• Whether, how often, and how the device needs to be calibrated, and how easy it is for the person to do this themselves

  • How data can be collected, compatibility of the device with other technology, and whether data can be shared with the person's healthcare provider to help inform treatment

  • Whether the device will affect the person's ability to do their job

  • How unpredictable the person's activity and blood glucose levels are and whether erratic blood glucose is affecting their quality of life

  • Whether the person has situations when symptoms of hypoglycaemia cannot be communicated or can be confused (for example, during exercise)

  • Clinical factors that may make devices easier or harder to use

  • Frequency of sensor replacement

  • Sensitivities to the device, for example local skin reactions

  • Body image concerns

Extract from NICE Guidance NG17

The official NICE Guidance in full is published here.

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What are the differences between flash and CGM?

Comparing Freestyle Libre sensor on left and Dexcom G6 sensor CGM on right.

Manufactured by Abbott, FreeStyle Libre 1 and 2 are currently the only flash glucose monitoring products available. These are referred to as flash CGM, or isCGM, as they require the user to scan the sensor to be able to pick up glucose levels on a phone or reader.

A continuous glucose monitor (CGM) will display levels without any interaction with the sensor, other than being within range of the collecting device ie. phone or reader. FreeStyle Libre 3 is a CGM, which is also referred to as rtCGM (real-time continuous glucose monitor).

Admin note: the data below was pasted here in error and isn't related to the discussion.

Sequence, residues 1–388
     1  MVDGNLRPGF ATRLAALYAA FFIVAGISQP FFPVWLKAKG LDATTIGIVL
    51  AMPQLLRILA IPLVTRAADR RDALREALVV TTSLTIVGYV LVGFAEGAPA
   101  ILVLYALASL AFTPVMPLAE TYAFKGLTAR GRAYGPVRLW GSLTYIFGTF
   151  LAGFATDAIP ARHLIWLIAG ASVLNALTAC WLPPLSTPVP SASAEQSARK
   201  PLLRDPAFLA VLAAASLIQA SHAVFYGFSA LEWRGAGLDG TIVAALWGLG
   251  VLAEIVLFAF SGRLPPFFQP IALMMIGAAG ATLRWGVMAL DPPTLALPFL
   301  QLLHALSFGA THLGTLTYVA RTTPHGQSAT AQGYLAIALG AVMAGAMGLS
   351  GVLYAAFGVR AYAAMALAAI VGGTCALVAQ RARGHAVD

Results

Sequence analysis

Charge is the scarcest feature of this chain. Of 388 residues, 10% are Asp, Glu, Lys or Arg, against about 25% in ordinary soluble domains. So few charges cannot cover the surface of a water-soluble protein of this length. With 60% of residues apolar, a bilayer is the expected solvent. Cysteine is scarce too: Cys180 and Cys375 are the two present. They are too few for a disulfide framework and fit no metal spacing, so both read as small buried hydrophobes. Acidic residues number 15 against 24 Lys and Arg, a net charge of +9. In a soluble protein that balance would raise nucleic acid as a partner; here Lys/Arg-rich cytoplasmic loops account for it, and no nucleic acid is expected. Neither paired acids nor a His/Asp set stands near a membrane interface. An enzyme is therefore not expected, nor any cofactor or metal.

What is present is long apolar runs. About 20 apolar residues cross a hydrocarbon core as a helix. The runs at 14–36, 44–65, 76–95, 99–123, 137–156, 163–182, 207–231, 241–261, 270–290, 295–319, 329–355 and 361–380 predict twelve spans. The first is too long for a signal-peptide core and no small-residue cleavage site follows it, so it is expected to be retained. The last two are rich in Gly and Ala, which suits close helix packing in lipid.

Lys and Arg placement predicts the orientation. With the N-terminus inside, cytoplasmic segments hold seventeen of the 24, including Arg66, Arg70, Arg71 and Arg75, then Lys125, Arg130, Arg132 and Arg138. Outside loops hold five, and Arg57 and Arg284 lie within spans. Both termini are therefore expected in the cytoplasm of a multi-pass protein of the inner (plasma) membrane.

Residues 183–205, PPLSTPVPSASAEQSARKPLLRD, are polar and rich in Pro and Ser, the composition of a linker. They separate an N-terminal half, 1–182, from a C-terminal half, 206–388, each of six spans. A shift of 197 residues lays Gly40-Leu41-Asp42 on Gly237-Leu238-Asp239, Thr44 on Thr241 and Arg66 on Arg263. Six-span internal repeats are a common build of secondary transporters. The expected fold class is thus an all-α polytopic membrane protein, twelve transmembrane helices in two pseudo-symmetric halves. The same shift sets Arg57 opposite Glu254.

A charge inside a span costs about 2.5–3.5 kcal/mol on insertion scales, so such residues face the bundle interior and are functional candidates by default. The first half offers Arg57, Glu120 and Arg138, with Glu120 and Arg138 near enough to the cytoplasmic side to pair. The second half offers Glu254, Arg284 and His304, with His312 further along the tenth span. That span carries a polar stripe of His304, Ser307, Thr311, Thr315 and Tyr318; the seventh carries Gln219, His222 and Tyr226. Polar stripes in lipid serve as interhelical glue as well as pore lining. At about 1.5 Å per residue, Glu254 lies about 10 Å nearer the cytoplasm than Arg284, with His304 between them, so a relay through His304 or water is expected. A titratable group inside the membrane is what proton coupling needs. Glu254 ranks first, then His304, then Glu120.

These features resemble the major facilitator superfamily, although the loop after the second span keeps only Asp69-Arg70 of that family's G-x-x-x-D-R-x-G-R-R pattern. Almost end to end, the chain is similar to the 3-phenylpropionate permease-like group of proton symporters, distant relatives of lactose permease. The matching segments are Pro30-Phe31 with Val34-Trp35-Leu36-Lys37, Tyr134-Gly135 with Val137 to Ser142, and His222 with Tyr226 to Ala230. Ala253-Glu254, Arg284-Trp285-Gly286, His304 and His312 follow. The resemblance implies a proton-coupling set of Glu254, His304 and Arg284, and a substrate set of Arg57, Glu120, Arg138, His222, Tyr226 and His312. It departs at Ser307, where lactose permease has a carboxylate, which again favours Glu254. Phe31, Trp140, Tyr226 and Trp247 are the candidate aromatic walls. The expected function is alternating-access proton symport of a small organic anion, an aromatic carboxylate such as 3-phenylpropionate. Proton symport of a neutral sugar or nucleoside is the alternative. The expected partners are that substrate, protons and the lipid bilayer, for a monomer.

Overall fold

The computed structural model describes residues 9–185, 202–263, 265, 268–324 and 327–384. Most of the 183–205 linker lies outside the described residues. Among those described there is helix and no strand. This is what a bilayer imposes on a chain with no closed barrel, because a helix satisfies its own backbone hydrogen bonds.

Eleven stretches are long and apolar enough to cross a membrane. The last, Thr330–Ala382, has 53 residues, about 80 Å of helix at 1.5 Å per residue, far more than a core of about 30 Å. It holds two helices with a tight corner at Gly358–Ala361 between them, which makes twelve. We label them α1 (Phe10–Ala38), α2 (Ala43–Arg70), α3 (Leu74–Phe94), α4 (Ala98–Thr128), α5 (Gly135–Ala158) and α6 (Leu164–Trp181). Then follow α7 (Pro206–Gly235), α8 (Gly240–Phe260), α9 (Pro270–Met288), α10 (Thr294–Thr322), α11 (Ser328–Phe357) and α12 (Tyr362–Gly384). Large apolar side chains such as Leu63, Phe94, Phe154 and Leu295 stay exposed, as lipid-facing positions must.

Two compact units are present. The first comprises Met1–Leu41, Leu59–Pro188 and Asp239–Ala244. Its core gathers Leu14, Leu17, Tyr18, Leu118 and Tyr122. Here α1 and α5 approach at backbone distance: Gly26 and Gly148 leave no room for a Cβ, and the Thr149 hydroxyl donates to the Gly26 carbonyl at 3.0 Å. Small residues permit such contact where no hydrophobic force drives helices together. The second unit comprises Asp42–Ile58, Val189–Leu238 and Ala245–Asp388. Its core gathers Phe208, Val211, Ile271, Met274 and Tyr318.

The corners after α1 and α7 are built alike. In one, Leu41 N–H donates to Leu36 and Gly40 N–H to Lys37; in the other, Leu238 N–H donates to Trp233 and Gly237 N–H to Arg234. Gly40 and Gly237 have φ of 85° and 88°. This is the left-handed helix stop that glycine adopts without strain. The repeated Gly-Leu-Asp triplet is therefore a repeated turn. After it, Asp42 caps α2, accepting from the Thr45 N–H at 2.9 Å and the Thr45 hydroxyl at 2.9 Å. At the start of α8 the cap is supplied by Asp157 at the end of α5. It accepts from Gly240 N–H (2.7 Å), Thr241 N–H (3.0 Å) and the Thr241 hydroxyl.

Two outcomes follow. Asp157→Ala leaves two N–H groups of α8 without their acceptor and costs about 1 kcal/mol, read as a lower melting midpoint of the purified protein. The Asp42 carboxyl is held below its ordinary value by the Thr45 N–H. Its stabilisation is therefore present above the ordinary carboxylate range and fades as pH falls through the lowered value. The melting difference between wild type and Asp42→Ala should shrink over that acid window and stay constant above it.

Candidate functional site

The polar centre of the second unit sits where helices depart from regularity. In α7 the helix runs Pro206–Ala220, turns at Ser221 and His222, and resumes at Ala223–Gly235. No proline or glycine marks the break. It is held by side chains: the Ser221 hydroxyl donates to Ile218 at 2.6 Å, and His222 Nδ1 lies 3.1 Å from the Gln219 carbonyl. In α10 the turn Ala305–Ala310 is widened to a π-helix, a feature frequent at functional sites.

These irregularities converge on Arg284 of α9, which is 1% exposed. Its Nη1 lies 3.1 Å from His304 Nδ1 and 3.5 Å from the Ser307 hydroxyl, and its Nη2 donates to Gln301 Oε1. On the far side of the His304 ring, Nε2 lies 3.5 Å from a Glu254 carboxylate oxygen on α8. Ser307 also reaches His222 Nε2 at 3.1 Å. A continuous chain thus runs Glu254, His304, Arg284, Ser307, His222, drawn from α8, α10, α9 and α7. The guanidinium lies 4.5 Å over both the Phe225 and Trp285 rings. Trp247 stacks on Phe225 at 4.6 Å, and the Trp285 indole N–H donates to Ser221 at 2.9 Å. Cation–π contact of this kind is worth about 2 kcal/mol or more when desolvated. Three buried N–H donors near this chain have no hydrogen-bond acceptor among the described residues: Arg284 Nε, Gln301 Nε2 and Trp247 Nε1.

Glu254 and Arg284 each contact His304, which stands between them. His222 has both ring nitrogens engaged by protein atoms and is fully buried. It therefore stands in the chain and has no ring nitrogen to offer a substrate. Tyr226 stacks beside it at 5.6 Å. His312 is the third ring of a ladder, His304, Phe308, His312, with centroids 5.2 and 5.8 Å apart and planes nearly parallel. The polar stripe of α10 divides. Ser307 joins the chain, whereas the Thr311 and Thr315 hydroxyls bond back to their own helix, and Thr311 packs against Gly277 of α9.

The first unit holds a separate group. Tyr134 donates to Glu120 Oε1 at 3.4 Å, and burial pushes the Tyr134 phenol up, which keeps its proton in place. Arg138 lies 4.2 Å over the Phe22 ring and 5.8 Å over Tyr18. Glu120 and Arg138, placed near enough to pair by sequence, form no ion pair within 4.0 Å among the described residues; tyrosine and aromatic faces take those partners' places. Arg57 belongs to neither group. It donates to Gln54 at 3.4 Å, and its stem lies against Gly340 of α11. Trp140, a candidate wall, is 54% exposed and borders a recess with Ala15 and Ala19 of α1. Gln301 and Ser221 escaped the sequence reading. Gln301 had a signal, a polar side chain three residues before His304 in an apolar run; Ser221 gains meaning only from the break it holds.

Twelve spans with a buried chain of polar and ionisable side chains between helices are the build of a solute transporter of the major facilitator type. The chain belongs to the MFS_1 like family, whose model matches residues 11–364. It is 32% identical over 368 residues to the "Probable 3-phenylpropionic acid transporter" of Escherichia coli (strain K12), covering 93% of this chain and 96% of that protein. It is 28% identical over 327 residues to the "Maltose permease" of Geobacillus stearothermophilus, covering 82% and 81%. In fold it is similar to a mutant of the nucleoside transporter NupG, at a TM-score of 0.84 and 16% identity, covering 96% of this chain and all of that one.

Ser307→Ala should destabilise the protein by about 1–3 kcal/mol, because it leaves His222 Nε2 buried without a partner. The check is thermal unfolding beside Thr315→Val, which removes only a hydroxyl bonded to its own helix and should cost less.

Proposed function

The main competitor to Libre in terms of CGM is the Dexcom G6, although there are others now available, and more to come onto the market very soon. Find out about these in our blogs listed below.

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More information

We have published several blogs in our Libre Life resources which give further details on the options for CGM available through the NHS in England. Please take a look:

   CGM Choices for 2022: Pros and Cons of 6 CGMs to be offered on NHS

   Table of Comparison for 6 CGM Choices for 2022

   For new users of FreeStyle Libre sensors we have some advice in our blog here.

 

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Note

Of course there are circumstances when you will still need to fingerpick test, namely to confirm your levels if feelings don't match your readings, and sometimes for driving.

 

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Disclaimer

Details and data is correct to the best of the author’s knowledge at the time this blog is published. We do not accept responsibility for any errors or omissions. Information is for guidance only and it is recommended that you confirm specific details and suitability yourself with the supplier, or your healthcare provider.

Love My Libre is not associated or affiliated with any of the aforementioned medtech providers. Content here and on our website www.lovemylibre.com does not constitute medical advice or replace the relationship between you and healthcare professionals nor the advice you receive from them.

The author of this blog has type 1 diabetes and uses the FreeStyle Libre 2 which is provided on NHS prescription. We do not have any affiliate relationship with Abbott or FreeStyle Libre.

All third party devices and apps mentioned are registered trademarks of their respective owners.